In Maclean’s Marie-Danielle Smith has an interesting interview with Wilson-Raybould about her book and her life.
Q: If the Prime Minister had asked you to stay, would you have considered it?
A: That’s a good question. I’ve thought about it. I do not believe based on everything that happened to me and the actions that the Prime Minister and other people around him took, whether that be through SNC or other issues that happened throughout my time in government, I don’t believe that I could’ve run under this Prime Minister in 2019.
Not voting Liberal: Former Liberal MP Celina Caesar-Chavannes, who is also disenamoured with Trudeau, plans to vote for Conservative candidate Maleeha Shahid in the Whitby, Ont., riding she once represented as a Liberal, she told Global.
Under the bus: A Toronto candidate who was dropped by the Conservatives over the weekend for anti-Muslim social media posts, says they really weren’t her posts, and she’s gone to the police because of fake posts, the Globe reports.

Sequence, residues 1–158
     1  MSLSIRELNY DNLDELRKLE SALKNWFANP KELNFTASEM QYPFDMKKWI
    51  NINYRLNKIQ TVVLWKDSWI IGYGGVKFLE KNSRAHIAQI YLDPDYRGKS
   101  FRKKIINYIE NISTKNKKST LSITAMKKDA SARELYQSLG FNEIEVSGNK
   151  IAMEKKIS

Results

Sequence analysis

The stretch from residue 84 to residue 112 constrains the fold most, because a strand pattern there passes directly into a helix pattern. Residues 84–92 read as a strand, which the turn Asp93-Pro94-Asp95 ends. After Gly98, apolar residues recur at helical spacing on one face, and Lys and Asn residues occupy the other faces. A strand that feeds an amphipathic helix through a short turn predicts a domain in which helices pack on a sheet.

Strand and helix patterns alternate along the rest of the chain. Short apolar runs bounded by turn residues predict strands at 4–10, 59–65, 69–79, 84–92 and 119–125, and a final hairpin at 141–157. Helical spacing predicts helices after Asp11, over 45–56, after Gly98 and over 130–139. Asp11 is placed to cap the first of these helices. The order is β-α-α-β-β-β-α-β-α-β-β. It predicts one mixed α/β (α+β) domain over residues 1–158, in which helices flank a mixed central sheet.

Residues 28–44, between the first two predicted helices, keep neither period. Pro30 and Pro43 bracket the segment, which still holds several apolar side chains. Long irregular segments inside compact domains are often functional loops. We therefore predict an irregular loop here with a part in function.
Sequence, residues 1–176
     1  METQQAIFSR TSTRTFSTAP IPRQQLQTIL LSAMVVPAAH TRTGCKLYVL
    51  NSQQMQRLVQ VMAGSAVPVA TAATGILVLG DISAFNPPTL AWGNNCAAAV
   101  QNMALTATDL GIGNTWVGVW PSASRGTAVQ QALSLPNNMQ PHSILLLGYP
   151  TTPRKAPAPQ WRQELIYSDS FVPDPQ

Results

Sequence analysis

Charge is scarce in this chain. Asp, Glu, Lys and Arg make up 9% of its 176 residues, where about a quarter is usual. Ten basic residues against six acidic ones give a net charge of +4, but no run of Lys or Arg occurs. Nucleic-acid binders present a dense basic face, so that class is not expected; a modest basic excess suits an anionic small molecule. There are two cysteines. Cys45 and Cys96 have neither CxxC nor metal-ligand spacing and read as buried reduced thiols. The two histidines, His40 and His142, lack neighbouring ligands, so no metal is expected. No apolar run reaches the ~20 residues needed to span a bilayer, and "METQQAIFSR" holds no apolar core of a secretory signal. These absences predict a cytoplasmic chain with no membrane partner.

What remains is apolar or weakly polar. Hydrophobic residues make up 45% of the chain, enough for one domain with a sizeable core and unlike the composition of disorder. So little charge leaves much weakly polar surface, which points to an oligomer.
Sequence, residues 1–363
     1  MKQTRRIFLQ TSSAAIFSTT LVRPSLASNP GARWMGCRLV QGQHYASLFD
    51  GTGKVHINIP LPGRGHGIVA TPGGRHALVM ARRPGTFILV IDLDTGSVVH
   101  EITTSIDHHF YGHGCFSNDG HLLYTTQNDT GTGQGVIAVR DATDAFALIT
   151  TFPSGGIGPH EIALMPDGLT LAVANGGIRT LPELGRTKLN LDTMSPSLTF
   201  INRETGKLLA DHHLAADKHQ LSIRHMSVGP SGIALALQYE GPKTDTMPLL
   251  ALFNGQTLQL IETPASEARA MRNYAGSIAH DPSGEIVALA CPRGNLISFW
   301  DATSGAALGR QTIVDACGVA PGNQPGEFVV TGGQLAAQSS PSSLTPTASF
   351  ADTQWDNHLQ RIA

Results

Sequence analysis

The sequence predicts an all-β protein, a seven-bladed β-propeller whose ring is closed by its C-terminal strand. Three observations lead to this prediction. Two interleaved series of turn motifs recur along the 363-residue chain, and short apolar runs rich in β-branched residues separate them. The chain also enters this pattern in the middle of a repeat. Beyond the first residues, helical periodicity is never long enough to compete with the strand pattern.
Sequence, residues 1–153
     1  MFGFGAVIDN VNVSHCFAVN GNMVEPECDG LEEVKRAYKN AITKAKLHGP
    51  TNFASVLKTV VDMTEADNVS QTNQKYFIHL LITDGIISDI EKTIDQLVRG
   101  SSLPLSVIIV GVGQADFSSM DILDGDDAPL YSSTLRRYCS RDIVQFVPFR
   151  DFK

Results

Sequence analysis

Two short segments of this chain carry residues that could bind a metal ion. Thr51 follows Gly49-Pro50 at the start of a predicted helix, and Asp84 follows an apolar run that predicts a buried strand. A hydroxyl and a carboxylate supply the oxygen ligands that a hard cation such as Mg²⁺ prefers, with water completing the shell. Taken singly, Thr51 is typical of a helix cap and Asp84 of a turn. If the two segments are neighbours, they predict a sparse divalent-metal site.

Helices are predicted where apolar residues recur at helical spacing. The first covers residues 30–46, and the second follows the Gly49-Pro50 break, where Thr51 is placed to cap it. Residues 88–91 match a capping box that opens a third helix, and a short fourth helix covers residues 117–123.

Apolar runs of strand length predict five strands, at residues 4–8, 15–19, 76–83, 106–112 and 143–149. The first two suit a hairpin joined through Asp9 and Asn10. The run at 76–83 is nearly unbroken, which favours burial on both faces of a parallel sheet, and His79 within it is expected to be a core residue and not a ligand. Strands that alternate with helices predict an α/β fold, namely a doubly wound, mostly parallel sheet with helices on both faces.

NDP costing at last: The NDP released the financial details for its campaign promises on Saturday, the last of the three big parties to do so, the Globe reports. The party wants to spend $38.5-billion over five years on pharmacare plan, plus $11-billion for dental coverage. The party would raise $166-billion in new taxes, including increased capital gains tax, corporate taxes and a wealth tax.
Whither the PPC? Stephanie Taylor of the Canadian Press has an interesting story on the rise of the People’s Party in the polls, and what that might mean for the Conservatives. Jeff Ballingall, of Canada Proud, a Conservative third-party advertiser, is warning of the danger to the party: “They want to vote for PPC as a protest vote, they want to get rid of Trudeau, but you can’t have both. You can’t protest and also get rid of Trudeau. It’s not a perfect scenario. It’s a binary choice.”
In case you missed it: The Globe’s Mark MacKinnon has a long, riveting story about the extraordinary effort the paper made to get colleagues out of Afghanistan.
— Stephen Maher